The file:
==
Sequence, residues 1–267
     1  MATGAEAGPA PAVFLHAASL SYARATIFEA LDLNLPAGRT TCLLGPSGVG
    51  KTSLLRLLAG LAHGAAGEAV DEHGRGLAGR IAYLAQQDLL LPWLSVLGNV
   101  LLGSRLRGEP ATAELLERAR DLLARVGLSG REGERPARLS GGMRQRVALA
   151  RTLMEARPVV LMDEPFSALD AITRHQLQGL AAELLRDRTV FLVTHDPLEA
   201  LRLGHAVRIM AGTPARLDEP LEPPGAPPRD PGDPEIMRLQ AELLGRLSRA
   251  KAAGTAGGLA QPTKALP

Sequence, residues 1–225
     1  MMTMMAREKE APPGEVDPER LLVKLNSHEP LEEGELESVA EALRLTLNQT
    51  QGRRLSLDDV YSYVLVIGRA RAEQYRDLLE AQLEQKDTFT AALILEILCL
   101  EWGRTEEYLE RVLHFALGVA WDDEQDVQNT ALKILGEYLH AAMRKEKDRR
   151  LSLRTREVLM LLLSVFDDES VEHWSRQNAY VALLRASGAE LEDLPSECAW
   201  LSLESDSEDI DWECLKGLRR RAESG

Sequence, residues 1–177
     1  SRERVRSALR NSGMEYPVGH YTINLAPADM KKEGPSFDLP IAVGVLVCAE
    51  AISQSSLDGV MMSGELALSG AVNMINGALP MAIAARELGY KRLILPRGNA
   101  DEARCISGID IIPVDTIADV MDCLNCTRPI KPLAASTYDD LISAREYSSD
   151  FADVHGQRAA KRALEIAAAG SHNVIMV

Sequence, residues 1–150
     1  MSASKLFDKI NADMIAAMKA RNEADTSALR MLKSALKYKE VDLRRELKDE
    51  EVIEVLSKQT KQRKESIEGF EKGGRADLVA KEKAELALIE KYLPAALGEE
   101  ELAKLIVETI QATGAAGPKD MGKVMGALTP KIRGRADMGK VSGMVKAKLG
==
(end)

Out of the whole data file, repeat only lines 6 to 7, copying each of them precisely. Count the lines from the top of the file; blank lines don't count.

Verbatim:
   201  LRLGHAVRIM AGTPARLDEP LEPPGAPPRD PGDPEIMRLQ AELLGRLSRA
   251  KAAGTAGGLA QPTKALP